Statistical study of sound speed in the inhomogenous upper ocean
Fitzgerald, James Richard
Thornton, Edward B.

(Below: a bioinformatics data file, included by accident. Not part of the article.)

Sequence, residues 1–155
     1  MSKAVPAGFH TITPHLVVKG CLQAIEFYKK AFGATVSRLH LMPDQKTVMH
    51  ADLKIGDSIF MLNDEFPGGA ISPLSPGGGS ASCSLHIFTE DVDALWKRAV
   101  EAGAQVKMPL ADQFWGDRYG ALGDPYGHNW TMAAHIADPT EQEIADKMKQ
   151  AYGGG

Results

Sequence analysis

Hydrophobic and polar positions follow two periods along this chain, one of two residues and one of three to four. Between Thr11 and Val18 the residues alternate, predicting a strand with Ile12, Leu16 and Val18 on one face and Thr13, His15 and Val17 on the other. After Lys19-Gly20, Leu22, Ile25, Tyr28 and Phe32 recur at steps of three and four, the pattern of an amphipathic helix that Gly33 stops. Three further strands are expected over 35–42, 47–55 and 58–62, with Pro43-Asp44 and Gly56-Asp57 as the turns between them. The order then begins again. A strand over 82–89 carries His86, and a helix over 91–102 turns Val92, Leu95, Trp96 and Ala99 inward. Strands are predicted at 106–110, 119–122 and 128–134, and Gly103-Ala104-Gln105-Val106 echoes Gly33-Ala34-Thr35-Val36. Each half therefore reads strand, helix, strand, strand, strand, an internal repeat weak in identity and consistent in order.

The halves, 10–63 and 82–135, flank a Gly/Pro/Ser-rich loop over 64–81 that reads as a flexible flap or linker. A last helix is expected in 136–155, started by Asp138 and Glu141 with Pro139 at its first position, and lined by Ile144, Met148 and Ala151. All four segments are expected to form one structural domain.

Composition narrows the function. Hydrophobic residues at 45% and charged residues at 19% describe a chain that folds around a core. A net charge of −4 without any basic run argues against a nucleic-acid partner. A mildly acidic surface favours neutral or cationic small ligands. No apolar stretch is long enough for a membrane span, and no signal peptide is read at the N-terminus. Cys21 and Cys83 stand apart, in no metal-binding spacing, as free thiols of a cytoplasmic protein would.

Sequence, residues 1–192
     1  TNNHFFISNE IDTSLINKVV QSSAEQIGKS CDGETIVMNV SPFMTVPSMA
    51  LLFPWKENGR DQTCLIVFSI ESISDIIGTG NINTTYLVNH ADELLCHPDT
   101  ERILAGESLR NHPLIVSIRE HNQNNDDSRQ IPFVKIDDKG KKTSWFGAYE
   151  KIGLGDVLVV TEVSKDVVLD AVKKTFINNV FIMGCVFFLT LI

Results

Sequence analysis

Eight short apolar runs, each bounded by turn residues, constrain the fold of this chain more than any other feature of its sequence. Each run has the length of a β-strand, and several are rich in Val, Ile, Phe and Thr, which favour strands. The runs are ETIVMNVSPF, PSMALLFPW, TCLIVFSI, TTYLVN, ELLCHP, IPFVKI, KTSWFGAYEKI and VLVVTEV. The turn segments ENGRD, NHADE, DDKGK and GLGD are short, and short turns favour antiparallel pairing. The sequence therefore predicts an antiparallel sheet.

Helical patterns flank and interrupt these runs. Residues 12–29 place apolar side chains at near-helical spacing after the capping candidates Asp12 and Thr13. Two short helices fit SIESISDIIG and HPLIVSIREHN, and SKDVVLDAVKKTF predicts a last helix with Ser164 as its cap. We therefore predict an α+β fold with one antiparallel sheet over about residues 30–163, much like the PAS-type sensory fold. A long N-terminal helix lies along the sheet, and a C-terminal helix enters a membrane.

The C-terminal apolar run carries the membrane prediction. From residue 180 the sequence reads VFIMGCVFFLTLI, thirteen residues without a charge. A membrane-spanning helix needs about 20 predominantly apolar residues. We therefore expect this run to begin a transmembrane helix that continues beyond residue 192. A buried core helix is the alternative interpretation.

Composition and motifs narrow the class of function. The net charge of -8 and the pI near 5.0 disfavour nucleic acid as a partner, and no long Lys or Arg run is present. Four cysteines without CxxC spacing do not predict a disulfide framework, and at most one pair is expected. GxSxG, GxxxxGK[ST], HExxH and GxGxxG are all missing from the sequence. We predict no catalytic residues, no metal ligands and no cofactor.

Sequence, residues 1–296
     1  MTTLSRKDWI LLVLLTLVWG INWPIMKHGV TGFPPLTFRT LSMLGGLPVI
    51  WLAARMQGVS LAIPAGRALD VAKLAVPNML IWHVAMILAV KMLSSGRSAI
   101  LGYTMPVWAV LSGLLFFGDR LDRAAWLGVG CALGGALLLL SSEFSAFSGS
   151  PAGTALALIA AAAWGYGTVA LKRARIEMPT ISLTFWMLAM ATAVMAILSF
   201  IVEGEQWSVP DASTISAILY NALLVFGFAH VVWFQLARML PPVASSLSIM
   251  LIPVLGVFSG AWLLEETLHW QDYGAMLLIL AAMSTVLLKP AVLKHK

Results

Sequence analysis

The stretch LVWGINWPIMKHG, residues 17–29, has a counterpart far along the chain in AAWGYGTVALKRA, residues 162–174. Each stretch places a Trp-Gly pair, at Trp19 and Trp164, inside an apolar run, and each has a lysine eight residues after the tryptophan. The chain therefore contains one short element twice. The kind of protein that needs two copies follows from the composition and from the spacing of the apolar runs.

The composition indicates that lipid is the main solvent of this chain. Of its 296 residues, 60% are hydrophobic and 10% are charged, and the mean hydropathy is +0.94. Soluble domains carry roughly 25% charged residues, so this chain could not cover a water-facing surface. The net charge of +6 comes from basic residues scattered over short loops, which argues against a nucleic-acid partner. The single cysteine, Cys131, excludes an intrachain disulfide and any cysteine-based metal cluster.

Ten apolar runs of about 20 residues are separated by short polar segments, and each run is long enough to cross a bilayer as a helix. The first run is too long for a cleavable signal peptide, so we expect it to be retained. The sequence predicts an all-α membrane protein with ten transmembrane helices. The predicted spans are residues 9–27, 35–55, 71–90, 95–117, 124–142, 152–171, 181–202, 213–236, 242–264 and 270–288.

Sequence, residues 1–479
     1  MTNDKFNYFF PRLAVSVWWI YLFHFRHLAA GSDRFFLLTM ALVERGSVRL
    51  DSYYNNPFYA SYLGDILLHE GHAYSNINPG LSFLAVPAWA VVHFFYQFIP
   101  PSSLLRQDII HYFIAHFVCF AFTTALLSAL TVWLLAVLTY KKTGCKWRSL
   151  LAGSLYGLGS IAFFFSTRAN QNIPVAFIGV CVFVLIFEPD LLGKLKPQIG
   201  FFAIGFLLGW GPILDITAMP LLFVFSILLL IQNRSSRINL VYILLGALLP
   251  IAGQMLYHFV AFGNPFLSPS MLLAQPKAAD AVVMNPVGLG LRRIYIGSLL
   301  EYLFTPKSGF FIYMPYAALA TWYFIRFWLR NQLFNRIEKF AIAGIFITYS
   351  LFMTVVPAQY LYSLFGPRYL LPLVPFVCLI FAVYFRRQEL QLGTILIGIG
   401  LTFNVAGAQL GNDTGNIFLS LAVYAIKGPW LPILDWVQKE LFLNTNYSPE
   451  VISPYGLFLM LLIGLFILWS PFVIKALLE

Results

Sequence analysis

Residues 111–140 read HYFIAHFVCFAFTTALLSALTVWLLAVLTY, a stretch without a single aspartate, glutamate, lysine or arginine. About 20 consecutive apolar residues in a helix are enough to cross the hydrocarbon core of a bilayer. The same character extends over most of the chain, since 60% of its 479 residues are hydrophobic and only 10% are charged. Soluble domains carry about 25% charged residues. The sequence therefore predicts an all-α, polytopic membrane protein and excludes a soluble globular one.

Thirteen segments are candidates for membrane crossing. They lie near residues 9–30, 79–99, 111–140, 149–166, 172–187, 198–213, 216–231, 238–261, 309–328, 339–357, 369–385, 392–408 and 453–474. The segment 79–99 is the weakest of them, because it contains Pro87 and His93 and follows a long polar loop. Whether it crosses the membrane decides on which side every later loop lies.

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The statistics of the fluctuations of the is-situ speed of sound in the upper ocean have been studied by analyzing the instantaneous phase difference of the output of two hydrophones separated by one meter for sounds of frequency 15 to 151 kHz. The experiment was conducted at 11 ft. in water depth of 60 ft. in low sea states at night. Comparison of the speed calculated from the time averaged phase difference, with the speed given by velocimeter or empirical relations, yielded differential speeds which deviate by 1 m/sec to 8 m/sec from the accepted values, for frequencies less than 100 kHz. Correlation and spectral analysis of the sound phase and ocean height fluctuations has shown the close relation between these two parameters. There is strong evidence of the presence and importance of bubbles in all the results, particularly of a large population resonant in the frequency range 56.3 to 71.1 kHz (radius 50 to 60 microns). Evidence is presented to suggest that bubbles appear at the surface during internal wave activity at lower depths and that for sound frequencies near the bubble resonances the sound phase is strongly modulate by, and in phase with, the ocean wave height.